Here's a report from iXBT that shows 10-25pct gains in Photoshop from HT and Turboboost alone. Just food for thought.
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January 17, 2010 12:47:03 PM

as long as your not gaming the 9800 should be good, however you should look into radeon they milake good cards
also i would change your hard drive to samsung f3 spinpoint. 54 for 500 gig and i belive 83? for 1t
finally the power supply case combos usually stink. The psu will probably burn out fast or blow. I would look into a different psu.
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January 18, 2010 3:31:37 AM

a4mula said:
I'm curious why the 1156, and most especially the i5-750. Photo editing and file compression are two of the major highlights of hyperthreading.

While I appreciate the fact that you're on a limited budget you should really try to squeeze an i7 920 in there. At the very least drop the extra 40 bucks for the Xeon X3440. It's compatible with 1156 and the HT will make a world of difference.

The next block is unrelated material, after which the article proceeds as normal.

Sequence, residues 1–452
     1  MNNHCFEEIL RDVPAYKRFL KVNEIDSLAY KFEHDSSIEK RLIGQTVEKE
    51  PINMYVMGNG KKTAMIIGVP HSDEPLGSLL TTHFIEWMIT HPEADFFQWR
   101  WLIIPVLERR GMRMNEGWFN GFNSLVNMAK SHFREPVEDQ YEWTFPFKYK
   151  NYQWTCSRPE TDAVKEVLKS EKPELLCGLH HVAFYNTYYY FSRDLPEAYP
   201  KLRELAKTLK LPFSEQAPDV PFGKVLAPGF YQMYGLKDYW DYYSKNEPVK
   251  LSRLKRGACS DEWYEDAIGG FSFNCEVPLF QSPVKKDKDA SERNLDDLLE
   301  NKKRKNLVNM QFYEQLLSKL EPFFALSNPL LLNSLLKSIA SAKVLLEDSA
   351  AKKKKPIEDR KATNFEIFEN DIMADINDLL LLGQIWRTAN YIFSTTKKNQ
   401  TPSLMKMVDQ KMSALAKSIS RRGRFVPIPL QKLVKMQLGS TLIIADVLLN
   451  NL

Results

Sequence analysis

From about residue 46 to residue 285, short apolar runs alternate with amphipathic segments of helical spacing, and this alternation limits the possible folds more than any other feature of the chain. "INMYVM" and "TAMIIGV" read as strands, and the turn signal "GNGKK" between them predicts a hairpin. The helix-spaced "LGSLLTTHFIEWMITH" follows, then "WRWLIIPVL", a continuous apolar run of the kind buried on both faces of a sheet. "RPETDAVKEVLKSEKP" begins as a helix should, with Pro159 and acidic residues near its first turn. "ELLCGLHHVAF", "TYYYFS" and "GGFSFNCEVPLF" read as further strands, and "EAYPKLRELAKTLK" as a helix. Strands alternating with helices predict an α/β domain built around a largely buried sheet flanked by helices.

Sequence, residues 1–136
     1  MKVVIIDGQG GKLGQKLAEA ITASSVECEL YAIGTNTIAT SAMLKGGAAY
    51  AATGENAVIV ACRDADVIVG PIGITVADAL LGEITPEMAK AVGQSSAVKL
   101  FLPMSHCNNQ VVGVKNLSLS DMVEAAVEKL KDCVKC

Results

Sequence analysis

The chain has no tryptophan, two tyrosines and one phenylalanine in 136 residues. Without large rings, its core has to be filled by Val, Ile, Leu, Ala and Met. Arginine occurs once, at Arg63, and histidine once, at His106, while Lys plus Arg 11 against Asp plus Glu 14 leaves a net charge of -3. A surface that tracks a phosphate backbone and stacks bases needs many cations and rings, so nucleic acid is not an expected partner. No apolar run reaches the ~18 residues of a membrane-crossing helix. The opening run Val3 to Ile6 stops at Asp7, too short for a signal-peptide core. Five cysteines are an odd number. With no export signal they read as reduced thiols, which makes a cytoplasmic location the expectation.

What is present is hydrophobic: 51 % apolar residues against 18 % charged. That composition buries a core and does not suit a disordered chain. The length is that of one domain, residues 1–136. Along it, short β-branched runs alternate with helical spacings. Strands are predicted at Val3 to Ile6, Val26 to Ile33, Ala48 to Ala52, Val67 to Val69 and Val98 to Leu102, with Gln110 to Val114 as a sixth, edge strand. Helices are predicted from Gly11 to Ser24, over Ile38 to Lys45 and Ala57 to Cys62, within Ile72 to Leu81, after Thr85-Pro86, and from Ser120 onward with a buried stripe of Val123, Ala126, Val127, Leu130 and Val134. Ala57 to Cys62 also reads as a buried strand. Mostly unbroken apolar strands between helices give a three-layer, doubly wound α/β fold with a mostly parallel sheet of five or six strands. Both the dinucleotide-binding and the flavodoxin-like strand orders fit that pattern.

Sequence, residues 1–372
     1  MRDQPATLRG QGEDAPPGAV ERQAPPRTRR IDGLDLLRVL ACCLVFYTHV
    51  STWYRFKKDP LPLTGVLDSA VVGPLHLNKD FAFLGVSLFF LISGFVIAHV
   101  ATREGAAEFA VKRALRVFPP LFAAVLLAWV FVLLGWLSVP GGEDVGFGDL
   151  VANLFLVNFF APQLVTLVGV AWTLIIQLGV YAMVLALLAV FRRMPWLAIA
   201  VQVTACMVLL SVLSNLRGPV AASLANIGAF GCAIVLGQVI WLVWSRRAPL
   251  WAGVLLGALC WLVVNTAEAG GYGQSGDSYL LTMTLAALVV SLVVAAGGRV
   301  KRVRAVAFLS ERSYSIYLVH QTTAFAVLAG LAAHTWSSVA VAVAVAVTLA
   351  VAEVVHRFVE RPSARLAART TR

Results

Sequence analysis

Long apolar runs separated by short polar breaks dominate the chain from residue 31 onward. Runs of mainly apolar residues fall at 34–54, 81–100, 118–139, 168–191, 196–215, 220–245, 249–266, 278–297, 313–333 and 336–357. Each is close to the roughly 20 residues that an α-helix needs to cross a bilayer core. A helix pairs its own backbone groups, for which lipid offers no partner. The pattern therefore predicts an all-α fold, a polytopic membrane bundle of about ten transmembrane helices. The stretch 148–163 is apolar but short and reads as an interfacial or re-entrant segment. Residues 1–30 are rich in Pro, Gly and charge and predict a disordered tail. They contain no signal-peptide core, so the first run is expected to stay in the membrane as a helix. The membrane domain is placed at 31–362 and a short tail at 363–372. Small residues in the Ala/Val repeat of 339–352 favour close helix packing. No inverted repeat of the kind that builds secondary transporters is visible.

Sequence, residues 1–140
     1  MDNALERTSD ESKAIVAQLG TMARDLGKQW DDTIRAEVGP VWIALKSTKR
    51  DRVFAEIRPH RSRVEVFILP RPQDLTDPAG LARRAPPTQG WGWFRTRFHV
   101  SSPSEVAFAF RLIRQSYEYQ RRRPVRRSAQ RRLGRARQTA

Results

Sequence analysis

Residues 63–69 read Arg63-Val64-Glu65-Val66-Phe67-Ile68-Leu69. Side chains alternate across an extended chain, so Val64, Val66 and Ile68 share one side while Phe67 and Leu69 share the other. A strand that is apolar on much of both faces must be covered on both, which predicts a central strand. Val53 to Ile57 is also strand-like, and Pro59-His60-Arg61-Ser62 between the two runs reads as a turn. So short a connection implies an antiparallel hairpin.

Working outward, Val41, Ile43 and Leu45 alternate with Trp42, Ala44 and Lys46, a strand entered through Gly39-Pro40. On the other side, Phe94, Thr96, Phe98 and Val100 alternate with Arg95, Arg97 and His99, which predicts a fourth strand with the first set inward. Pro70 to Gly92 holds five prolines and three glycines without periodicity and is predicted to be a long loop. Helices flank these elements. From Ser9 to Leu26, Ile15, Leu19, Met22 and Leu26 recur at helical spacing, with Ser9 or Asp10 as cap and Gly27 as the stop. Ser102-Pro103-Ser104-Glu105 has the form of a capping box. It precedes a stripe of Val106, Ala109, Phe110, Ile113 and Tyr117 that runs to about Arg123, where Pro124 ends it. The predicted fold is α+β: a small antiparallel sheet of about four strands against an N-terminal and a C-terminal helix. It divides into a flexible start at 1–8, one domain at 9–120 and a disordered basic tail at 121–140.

Here's a report from iXBT that shows 10-25pct gains in Photoshop from HT and Turboboost alone. Just food for thought.


Wow, I suppose the Xeon line is supremely overshadowed by the i5s and i7s... So it's, basically the functionality of an i7/i5, with hyper-threading, and a bit less speed? Hmm. I'm already a bit over budget, but I suppose I could pull together the extra it would take to buy the Xeon. --- I never deemed an i7 necessary, you see. Most of the computers I've run photoshop on in the last few years are complete ***, but don't run the application all together too horribly. Maybe I've become complacent. I expect to be a bit blown away by the time I finish my first build.

I can see where HT helps, but it also seems to be a detriment. $40 for 25% gains when I use Photoshop. I guess... that isn't such a disparaging inequality. Thanks for the insight, really, I guess I'll be going with the Xeon. I have a question, though, if you don't mind, about the other CPUs in the Xeon line... What features/ability could possibly warrant a CPU over $1000? @_@